Calgary’s chief of police said Wednesday that two officers seen in a video kneeling on a woman during an arrest were not using excessive force.
According to a complaint filed under the Police Act, the officers were called to 51-year-old Tara Yaschuk’s home at about 1:30 a.m. on Oct. 22, 2019 after she called 911, believing her partner’s vehicle had been stolen.
In the complaint filed by Yaschuk’s lawyer David Chow, it explains the vehicle wasn’t stolen — but instead was borrowed by Yaschuk’s son, who came home and started explaining the situation while Yaschuk was still on the phone with 911.
According to the lawyer, at that point Yaschuk’s partner — who is the boy’s stepfather — “scolded his son and in doing so, made a hyperbolic comment (believed to be along the lines of ‘I’m going to strangle you.’)”
A short while later, two uniformed officers arrived at the house and “immediately pushed their way into the family home,” the complaint states.
In video of the incident, taken by Yaschuk’s son and supplied by her lawyer, the officers are seen heading up the stairs and into a bedroom, where they encounter Yaschuk who questions who let them inside. Her son then responds saying no one let them in, “they walked in without permission.”
‘I will stop resisting’
Yaschuk, her son and one of the officers can be heard arguing, and the officer is seen pointing to the son who is recording and telling him to “get out.”
Yaschuk is seen touching the officer’s shoulder, before he pushes her back toward the wall and can be heard saying, “Seriously, I’m going to arrest somebody.”
That officer then attempts to arrest Yaschuk by grabbing her left wrist, and when she resists, a struggle ensues and eventually they both fall onto the ground. The video then shows both officers kneeling and leaning on top of a struggling Yaschuk as they try to handcuff her.
She continues to question the officers on why they’re arresting her, and one responds it’s for assaulting a police officer.
The officers continue to lean and kneel on her and demand she stop resisting them, to which she responds: “I will stop resisting.”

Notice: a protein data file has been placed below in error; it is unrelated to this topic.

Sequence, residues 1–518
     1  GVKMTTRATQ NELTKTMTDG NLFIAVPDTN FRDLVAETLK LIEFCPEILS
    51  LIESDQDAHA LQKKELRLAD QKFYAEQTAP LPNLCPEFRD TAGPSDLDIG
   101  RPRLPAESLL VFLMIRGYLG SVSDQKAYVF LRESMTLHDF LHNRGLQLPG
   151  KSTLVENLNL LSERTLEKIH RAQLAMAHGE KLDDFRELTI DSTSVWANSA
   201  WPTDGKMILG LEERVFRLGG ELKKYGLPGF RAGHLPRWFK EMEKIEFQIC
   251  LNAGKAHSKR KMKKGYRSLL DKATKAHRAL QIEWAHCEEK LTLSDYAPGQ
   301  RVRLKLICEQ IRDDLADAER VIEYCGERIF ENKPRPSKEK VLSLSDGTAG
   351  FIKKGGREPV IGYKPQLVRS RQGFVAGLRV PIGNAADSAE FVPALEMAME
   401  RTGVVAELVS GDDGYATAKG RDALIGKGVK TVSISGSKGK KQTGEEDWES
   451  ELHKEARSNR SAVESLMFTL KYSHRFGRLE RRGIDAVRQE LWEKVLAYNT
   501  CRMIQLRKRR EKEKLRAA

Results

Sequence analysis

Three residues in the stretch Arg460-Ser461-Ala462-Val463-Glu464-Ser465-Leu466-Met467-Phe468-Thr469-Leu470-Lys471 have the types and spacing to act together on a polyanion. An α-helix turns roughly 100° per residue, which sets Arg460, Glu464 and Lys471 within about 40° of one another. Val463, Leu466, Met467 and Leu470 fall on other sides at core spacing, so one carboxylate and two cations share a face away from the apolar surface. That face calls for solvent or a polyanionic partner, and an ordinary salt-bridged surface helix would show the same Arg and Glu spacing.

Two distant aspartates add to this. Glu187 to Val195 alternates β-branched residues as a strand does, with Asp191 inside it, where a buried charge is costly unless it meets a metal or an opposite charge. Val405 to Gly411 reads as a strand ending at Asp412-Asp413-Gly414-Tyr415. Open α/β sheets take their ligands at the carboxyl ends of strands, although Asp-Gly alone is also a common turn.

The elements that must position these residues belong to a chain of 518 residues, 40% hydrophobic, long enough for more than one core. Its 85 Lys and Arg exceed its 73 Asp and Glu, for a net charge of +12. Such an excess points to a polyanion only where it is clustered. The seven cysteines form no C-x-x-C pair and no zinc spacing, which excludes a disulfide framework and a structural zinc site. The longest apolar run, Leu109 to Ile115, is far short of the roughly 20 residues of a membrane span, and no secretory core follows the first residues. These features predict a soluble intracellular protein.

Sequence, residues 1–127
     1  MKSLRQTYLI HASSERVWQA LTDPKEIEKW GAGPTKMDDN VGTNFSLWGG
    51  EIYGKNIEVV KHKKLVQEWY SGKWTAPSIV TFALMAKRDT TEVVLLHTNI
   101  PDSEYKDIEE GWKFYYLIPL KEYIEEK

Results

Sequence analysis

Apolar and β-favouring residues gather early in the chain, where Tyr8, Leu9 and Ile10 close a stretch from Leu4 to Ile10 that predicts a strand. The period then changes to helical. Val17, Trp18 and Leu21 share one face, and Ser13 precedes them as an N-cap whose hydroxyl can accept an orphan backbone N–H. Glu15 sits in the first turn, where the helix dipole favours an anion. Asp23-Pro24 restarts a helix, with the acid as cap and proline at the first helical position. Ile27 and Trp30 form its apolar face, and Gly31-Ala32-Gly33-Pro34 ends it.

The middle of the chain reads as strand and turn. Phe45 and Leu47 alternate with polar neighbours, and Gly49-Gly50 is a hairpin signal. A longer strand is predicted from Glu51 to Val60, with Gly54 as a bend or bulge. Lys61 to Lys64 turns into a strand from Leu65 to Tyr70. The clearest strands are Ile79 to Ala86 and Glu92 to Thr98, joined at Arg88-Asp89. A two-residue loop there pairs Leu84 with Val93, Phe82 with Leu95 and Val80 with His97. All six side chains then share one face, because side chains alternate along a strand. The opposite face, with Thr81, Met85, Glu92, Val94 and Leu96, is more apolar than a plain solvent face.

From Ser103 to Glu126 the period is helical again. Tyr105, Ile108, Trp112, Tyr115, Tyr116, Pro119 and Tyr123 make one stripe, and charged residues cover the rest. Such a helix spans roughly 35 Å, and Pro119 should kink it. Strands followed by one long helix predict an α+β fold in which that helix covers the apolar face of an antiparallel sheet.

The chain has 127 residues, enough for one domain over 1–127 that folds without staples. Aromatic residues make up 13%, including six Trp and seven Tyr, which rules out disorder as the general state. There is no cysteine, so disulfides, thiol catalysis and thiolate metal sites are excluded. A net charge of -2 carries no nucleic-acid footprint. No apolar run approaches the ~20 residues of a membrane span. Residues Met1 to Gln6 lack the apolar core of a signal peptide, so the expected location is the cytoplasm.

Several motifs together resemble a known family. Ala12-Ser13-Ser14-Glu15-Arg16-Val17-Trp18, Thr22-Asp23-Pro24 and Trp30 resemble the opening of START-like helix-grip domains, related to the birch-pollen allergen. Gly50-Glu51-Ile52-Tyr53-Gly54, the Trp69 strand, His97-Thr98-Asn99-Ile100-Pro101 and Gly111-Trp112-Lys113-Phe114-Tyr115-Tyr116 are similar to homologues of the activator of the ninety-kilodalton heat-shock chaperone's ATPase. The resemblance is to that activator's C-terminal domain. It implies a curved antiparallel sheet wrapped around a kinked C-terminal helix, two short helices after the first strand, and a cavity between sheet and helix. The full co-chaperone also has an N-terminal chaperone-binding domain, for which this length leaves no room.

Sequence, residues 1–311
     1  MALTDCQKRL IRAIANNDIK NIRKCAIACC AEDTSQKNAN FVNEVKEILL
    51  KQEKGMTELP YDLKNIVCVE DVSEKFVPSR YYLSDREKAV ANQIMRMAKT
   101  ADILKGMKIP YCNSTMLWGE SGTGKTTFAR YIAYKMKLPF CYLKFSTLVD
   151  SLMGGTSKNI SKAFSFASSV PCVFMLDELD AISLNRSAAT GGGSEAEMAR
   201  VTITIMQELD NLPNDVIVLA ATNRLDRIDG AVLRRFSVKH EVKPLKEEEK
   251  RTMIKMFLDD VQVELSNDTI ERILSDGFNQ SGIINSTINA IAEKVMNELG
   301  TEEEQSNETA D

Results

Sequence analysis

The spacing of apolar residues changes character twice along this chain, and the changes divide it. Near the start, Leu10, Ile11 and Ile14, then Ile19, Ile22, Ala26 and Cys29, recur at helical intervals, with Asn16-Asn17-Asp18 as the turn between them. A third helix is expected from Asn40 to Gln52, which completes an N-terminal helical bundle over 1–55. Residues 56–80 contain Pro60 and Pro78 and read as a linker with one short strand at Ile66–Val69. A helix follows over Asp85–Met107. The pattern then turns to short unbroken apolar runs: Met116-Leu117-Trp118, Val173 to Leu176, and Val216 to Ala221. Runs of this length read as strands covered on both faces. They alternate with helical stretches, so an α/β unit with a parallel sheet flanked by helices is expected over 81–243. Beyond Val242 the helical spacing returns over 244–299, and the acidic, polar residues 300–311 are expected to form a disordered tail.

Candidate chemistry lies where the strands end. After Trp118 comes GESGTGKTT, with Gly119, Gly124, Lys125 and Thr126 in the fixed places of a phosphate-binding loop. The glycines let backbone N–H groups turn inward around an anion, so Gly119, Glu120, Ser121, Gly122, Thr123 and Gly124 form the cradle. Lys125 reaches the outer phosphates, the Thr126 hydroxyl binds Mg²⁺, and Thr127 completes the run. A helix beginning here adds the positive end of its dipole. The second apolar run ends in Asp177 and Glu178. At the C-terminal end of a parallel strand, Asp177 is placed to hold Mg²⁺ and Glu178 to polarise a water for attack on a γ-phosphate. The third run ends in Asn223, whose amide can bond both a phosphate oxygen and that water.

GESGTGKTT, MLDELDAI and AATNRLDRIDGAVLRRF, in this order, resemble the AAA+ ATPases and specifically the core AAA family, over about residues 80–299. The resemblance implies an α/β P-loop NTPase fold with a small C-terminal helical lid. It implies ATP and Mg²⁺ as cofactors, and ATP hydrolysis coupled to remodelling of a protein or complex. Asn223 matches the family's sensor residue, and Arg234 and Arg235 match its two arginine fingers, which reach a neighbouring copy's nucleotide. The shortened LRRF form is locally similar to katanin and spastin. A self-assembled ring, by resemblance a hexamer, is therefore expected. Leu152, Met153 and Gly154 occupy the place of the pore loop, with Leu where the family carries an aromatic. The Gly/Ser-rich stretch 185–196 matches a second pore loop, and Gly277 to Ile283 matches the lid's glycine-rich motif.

She then is rolled over onto her stomach and the officers continue putting pressure on her as she is heard saying, “I can’t breathe.”
Not characterized as excessive force
Speaking to the media about the video on Wednesday, Chief Mark Neufeld said the matter is under investigation, and “wouldn’t characterize the incident as excessive force at this point.”
Because the matter is also before the courts, Neufeld said he couldn’t speak in detail about the arrest, only saying neither officer has been charged and “there was a criminal charge laid in relation to the incident itself.”
Her lawyer told Global News on Wednesday that she was not aware of any charges and the charges Neufeld spoke of were a “complete shock.”
Police said a summons was issued to Yaschuk on March 6 in relation to the charge of assaulting an officer and intending to resist arrest. They are looking into whether there were delays in serving that summons due to the COVID-19 pandemic.
Court documents show Yaschuk is scheduled to appear in court on July 17 to issue a plea.
Body-worn camera video part of investigation
The CPS only received the complaint on Sunday, Neufeld said, so its investigation is in its “relative infancy.”
“We have been able to look at the body-worn video — that’s a case where we have had that and that’s been helpful and will inform the investigation,” Neufeld said. “And so that will be completely investigated and we’ll arrive at determinations at the end of that process.”
Neufeld said despite the Yaschuk family having released their video, it’s too early to say whether the CPS will release the video from the body worn cameras to the public, citing a review of the video program as a whole, privacy concerns and whether it’s being used as evidence in court proceedings.
In a statement issued by Yaschuk’s lawyer on behalf of the family, Chow wrote that the family has, in the past, had the “utmost respect for for the police,” adding they’ve “long struggled with what transpired between them and the police in their own home” during the arrest incident, calling it “entirely unnecessary, abusive and unlawful.”
“Ms. Yaschuk’s motive for bringing this case to light is to support the public outcry for police reform,” the statement read.
“She requests a formal and independent investigation into this incident.”
There has been widespread calls for de-funding police and reform of police training in light of the death of George Floyd, who died in police custody in the U.S. in May.
Video of his arrest shows the arresting officer — one of four who were charged in relation to his death — kneeling on his neck for several minutes as he’s heard saying he can’t breathe.
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